Bruce Maxwell receives huge ovation during first appearance since MLB's first national anthem protest

The recent surge of national anthem protests in sports has polarised the nation, but at least Bruce Maxwell knows his hometown fans are on his side.

While NFL and NBA players have grown increasingly vocal on issues of racial inequality, MLB players have remained relatively quiet. On Saturday, Maxwell, a catcher for the Oakland Athletics, attempted to break that silence, dropping to one knee during the national anthem before a game against the Texas Rangers.

While some derided Maxwell’s gesture, many people supported it. On Monday night, the Alabama native made his first plate appearance since he began to kneel and received a nice ovation from the home crowd at the Oakland Coliseum.

Watch the moment below:

That reception may seem tame compared to some of the other crowd reactions we’ve seen over the years, but keep in mind that the Athletics have been eliminated from postseason contention and play in one of the most poorly regarded stadiums in the league. The cheers for Maxwell dwarfed all others in the 7-1 loss to Seattle.

While Maxwell got a nice reaction from his fans, others have spoken out against him. The backstop responded over the weekend, clarifying the meaning behind his protest.

“The point of my kneeling is not to disrespect our military,” he said, according to Jane Lee of “It’s not to disrespect our constitution. It’s not to disrespect our country. My hand was over my heart because I love this country. I’ve had plenty of family members, including my father, that have bled for this country, that continue to serve for this country … But my kneeling is what is getting the attention, because I’m kneeling for the people who don’t have a voice.”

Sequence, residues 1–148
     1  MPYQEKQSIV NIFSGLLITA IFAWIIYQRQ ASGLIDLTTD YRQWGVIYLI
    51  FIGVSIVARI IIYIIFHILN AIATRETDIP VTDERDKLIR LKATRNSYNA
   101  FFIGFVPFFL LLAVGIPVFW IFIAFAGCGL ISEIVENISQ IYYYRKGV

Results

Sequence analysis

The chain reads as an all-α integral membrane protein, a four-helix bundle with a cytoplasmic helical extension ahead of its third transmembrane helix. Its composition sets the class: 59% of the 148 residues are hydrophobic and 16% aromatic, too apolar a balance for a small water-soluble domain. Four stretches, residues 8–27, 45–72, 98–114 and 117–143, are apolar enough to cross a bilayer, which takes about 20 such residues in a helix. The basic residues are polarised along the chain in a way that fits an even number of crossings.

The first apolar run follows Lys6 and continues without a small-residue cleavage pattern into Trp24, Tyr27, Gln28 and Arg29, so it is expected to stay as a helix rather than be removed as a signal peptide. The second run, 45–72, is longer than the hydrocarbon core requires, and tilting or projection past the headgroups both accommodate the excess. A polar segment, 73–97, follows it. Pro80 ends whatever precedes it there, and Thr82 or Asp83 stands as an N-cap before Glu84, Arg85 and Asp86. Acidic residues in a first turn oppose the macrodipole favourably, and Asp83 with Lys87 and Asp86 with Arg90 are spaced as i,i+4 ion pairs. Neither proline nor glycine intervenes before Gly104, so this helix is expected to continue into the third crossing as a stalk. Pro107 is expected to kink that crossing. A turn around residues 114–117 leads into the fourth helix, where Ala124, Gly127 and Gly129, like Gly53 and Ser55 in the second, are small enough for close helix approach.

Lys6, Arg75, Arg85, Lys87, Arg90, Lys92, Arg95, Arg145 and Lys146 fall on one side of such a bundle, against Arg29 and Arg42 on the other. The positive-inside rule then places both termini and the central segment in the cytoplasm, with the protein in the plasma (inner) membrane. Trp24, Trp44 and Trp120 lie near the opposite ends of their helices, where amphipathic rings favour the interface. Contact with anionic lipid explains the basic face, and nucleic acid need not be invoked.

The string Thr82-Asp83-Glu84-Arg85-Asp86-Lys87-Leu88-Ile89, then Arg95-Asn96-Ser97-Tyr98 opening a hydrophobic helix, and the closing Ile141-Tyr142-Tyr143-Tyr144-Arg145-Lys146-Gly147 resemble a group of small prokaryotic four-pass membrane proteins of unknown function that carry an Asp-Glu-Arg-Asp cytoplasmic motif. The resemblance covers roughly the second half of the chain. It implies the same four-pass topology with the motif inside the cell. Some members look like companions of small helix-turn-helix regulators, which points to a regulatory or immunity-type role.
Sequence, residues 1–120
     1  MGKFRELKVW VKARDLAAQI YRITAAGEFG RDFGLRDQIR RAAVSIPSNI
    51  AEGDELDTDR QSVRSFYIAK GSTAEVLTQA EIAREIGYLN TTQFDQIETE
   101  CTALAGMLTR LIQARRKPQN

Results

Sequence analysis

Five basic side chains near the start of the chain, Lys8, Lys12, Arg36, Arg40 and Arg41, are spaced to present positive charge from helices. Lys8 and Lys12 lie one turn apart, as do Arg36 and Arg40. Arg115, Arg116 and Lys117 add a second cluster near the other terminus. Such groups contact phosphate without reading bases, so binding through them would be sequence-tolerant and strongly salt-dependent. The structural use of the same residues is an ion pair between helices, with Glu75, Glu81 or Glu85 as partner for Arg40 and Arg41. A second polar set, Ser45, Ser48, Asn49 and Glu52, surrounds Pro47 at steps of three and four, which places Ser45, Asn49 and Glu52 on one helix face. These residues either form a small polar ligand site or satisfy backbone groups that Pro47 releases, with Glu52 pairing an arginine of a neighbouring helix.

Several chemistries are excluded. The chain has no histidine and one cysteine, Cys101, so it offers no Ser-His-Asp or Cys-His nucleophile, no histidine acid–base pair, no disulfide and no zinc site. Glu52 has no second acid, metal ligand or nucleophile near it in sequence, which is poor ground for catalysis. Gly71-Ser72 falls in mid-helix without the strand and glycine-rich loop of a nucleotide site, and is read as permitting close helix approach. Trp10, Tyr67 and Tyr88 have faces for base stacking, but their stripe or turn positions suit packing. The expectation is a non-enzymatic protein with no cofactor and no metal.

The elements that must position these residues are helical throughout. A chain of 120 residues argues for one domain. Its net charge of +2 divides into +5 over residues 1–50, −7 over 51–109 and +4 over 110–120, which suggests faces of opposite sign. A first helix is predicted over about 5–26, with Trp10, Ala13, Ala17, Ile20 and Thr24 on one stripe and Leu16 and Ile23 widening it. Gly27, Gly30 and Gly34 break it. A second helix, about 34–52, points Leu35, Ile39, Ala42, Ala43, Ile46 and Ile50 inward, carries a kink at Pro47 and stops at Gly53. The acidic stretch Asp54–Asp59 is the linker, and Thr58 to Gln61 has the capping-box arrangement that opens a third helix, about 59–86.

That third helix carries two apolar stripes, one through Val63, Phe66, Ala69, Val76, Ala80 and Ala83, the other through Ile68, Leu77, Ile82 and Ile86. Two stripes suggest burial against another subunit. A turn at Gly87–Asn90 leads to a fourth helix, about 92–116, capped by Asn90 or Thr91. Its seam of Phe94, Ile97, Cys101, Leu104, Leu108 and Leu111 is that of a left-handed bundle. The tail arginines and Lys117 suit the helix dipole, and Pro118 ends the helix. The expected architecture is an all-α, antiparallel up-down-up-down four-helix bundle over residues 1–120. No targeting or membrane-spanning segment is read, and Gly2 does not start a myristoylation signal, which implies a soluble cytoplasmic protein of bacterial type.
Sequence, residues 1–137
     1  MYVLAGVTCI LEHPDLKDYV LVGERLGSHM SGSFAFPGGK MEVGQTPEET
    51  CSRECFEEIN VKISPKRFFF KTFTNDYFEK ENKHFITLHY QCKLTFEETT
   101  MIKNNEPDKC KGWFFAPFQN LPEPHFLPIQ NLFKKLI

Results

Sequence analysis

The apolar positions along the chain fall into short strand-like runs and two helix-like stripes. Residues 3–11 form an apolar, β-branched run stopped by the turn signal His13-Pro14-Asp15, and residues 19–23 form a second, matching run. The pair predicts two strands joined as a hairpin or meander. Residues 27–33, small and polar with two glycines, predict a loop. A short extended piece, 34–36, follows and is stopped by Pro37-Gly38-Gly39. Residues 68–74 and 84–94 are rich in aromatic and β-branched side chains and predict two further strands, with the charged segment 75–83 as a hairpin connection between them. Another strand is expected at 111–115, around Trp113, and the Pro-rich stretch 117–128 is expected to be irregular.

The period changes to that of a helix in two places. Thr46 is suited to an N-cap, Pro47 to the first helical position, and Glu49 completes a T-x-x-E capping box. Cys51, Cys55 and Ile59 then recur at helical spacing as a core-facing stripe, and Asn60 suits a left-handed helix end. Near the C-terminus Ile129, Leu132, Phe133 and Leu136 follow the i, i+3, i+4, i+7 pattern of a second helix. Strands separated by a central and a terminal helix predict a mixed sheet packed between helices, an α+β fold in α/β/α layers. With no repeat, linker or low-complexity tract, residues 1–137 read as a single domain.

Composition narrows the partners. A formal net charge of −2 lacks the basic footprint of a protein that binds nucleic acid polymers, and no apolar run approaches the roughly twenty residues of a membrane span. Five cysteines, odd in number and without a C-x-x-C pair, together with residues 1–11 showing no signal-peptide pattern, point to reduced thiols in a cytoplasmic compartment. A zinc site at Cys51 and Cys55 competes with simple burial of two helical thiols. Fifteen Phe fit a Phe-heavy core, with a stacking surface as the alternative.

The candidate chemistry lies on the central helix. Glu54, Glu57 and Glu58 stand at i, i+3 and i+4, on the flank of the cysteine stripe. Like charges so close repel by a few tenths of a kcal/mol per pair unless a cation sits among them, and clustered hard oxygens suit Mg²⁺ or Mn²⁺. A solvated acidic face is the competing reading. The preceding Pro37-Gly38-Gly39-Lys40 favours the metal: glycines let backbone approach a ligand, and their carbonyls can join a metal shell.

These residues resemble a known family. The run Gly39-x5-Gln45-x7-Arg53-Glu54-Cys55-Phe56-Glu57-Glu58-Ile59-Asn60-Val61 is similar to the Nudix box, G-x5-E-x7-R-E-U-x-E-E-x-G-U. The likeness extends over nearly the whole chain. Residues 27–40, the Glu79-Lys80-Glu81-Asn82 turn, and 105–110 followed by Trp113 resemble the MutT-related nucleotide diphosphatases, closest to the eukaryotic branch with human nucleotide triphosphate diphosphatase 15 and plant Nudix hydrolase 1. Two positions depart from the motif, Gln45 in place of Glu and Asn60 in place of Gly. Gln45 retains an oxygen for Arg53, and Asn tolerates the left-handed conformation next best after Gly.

Maxwell has received support from around the league. Tampa Bay Rays ace Chris Archer, one of just 62 African American players to start this season on an MLB roster,┬ásaid that the protest was “as respectful as possible.”

“It’s a little bit tougher for baseball players to make that leap, but I think he was the right person to do it,” Archer said, per Gabe Lacques of USA Today.

Maxwell hasn’t been the only one to protest in the Coliseum. On Monday, an entire marching band from the Oakland Unified School District dropped to one knee while playing the national anthem.

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